Atmospheric carbon dioxide (CO2) directly determines the rate of plant photosynthesis and indirectly effects plant productivity and fitness and may therefore act as a selective pressure driving evolution, but evidence to support this contention is sparse. Using Plantago lanceolata L. seed collected from a naturally high CO2 spring and adjacent ambi...
Article
Full-text available
Consuming watercress is thought to provide health benefits as a consequence of its phytonutrient composition. However, for watercress there are currently limited genetic resources underpinning breeding efforts for either yield or phytonutritional traits. In this paper, we use RNASeq data from twelve watercress accessions to characterize the transcr...
Article
Full-text available
Summer droughts are likely to increase in frequency and intensity across Europe, yet long-lived trees may have a limited ability to tolerate drought. It is therefore critical that we improve our understanding of phenotypic plasticity to drought in natural populations for ecologically and economically important trees such as Populus nigra L. A commo...
Article
Full-text available
Abstract Meeting the world’s energy demand is a major challenge for society over the coming century. To identify the most sustainable energy pathways to meet this demand, analysis of energy systems on which policy is based must move beyond the current primary focus on carbon to include a broad range of ecosystem services on which human well-being d...
Article
Full-text available
Wide-scale application of biochar to soil has been suggested as a mechanism to offset increases in CO2 emissions through the long-term sequestration of a carbon rich and inert substance to the soil, but the implications of this for soil diversity and function remain to be determined. Biochar is capable of inducing changes in soil bacterial communit...
Poster
Full-text available
A major part of international agreements on combating climate change is the conversion from a fossil fuel economy to low carbon economy. Bioenergy crops have been proposed as a way to improve energy security while reducing CO2 emissions to help mitigate the effects of climate change. However, the effects of land use change from a traditional land u...
Article
Full-text available
The effect of a transition from grassland to second-generation (2G) bioenergy on soil carbon and greenhouse gas (GHG) balance is uncertain, with limited empirical data on which to validate landscape-scale models, sustainability criteria and energy policies. Here, we quantified soil carbon, soil GHG emissions and whole ecosystem carbon balance for s...
Article
Whole genome resequencing of 51 Populus nigra (L.) individuals from across Western Europe was performed using Illumina platforms. A total number of 1,878,727 SNPs distributed along the P. nigra reference sequence were identified. The SNP calling accuracy was validated with Sanger sequencing. SNPs were selected within 14 previously identified QTL re...
Article
Full-text available
This study presents a multi-objective optimisation model that is configured to account for a range of interrelated or conflicting questions with regard to the introduction of bioenergy systems. A spatial-temporal mixed integer linear programming model ETI-BVCM (Energy Technologies Institute - Bioenergy Value Chain Model) (ETI, 2015b; Geraldine Newt...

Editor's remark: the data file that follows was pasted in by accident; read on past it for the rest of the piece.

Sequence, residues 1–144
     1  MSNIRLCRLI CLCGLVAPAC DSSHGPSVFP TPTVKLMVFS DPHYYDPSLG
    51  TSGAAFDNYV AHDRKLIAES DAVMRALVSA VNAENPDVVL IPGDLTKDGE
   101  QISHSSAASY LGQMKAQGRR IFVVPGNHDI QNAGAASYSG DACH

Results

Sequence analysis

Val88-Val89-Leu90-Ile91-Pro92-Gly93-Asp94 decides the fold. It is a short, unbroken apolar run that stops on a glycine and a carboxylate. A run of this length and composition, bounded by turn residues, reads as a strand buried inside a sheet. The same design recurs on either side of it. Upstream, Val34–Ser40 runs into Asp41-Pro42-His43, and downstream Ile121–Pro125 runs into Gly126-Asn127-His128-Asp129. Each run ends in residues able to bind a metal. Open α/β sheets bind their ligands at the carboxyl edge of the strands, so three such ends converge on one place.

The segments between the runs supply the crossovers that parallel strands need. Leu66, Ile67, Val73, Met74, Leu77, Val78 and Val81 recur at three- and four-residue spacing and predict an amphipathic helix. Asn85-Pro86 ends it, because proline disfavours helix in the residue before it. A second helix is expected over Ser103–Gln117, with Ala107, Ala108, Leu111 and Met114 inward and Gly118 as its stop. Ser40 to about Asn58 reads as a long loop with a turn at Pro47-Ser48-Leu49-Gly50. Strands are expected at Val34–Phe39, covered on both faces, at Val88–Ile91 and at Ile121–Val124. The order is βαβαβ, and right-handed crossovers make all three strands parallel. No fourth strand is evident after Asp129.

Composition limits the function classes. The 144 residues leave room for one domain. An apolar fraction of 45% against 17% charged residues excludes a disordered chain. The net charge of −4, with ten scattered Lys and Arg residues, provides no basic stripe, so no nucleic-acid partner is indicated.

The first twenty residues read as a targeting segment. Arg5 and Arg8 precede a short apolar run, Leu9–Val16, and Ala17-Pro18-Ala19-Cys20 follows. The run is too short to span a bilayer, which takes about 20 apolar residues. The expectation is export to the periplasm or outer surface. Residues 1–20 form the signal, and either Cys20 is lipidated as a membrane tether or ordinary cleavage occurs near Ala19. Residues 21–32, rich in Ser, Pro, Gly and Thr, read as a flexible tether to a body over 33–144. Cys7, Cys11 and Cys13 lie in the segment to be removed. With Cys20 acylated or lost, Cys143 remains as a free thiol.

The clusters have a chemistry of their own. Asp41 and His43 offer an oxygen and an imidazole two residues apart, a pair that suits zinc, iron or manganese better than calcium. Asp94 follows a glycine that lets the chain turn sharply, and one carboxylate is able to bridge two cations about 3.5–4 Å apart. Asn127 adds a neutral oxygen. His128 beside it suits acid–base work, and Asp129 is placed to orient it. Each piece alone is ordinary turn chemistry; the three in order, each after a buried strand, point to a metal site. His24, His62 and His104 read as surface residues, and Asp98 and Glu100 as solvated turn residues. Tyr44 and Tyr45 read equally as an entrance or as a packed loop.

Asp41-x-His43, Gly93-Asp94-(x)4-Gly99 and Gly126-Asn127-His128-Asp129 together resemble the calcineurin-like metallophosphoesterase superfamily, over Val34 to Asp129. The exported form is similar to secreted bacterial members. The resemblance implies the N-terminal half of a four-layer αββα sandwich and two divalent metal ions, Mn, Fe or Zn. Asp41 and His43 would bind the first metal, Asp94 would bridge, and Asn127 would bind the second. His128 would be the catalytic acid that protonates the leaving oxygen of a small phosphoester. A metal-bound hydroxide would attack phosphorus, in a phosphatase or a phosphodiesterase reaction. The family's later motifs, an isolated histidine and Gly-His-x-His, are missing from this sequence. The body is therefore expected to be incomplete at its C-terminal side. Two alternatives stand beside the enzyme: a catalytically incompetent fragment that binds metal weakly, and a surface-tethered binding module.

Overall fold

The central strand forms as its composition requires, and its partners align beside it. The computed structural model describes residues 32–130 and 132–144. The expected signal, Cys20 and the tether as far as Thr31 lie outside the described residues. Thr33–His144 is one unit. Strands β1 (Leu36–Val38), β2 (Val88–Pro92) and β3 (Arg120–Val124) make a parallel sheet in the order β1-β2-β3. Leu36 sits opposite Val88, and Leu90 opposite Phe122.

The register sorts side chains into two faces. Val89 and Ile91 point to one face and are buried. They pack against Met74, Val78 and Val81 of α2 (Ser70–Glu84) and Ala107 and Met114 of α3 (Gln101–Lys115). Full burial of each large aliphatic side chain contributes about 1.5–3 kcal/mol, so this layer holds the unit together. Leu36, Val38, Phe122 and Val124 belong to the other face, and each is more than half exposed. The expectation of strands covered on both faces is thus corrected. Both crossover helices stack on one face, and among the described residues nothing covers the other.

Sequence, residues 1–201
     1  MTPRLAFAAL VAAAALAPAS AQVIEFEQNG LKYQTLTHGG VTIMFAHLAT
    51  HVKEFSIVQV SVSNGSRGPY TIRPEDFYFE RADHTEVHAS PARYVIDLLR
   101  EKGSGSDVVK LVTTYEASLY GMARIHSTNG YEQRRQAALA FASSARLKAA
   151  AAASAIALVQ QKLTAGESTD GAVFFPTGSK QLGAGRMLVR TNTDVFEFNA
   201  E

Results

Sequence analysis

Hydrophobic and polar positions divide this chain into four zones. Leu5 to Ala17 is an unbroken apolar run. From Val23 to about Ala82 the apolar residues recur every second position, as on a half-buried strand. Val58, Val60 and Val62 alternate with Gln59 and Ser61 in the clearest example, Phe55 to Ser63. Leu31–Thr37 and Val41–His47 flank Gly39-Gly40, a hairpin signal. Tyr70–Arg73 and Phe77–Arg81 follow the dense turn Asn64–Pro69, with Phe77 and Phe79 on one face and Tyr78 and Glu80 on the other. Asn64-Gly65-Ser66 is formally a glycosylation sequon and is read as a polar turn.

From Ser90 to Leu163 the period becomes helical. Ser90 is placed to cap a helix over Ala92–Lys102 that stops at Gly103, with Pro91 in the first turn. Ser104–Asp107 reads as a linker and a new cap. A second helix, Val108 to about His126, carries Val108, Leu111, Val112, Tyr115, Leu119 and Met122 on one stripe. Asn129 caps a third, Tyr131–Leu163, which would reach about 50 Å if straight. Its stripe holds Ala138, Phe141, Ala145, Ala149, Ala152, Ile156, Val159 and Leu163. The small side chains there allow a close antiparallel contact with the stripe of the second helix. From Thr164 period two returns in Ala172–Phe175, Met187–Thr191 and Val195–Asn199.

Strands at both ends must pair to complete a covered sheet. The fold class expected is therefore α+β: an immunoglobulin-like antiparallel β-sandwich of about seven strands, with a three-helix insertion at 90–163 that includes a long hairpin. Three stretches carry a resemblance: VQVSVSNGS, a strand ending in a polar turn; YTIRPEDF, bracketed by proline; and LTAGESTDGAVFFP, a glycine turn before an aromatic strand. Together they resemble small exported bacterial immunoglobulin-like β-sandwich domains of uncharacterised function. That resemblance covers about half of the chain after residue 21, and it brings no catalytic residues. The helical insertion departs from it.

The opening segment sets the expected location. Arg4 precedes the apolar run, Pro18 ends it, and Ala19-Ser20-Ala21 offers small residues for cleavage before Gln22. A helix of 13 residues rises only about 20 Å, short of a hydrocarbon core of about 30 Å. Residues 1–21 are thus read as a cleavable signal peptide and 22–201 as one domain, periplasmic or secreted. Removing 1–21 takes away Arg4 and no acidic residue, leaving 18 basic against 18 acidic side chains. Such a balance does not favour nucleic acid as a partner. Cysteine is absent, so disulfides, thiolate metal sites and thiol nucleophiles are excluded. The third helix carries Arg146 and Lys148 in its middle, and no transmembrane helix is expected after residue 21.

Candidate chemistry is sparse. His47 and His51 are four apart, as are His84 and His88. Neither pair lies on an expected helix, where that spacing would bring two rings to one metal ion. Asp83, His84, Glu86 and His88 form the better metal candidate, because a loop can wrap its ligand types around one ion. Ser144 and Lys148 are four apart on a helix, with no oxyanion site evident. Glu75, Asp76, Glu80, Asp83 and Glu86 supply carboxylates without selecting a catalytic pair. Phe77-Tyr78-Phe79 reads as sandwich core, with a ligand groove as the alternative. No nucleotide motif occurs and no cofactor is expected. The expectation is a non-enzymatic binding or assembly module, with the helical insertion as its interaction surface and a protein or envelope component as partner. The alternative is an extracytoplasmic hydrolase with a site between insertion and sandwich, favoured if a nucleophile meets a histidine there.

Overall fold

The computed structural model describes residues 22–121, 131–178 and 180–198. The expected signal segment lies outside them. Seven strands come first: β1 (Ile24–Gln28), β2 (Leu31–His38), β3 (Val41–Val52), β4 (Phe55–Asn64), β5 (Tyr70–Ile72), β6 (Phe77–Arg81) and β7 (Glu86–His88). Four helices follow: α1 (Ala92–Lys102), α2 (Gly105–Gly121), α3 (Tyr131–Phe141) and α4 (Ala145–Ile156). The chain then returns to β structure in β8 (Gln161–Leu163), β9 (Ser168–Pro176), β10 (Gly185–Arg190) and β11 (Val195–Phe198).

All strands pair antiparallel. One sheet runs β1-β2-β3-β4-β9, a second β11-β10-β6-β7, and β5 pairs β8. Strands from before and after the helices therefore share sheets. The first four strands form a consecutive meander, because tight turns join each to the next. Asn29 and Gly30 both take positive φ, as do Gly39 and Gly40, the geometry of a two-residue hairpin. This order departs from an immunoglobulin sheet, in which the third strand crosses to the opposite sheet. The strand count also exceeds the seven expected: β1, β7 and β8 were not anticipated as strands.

Article
We implemented a spatial application of a previously evaluated model of soil GHG emissions, ECOSSE, in the United Kingdom to examine the impacts to 2050 of land-use transitions from existing land use, rotational cropland, permanent grassland or woodland, to six bioenergy crops; three ‘first-generation’ energy crops: oilseed rape, wheat and sugar be...
Article
Full-text available
A diet rich in phytonutrients from fruit and vegetables has been acknowledged to afford protection against a range of human diseases, but many of the most popular vegetables are low in phytonutrients. Wild relatives of crops may contain allelic variation for genes determining the concentrations of these beneficial phytonutrients, and therefore unde...
Article
Full-text available
The growing geographic disconnect between consumption of goods, the extraction and processing of resources, and the environmental impacts associated with production activities makes it crucial to factor global trade into sustainability assessments. Using an empirically validated environmentally extended global trade model, we examine the relationsh...
Article
There is increasing urgency to develop and deploy sustainable sources of energy to reduce our global dependency on finite, high-carbon fossil fuels. Lignocellulosic feedstocks, used in power and liquid fuel generation, are valuable sources of non-food plant biomass. They are cultivated with minimal inputs on marginal or degraded lands to prevent co...
Chapter
Energy, and access to energy, are essential to human life, civilisation and development. A number of energy issues - including energy security, energy prices and the polluting emissions for energy use - now have high prominence on global agendas of policy and diplomacy. In addressing these and other global energy issues, the purpose of this book is...
Article
Full-text available
As studies on biochar stability in field conditions are very scarce, the carbon sequestration potential of biochar application to agricultural soils remains uncertain. The present study assessed the stability of biochar in field conditions, the effect of plant roots on biochar stability and the effect of biochar on original soil organic matter (SOM...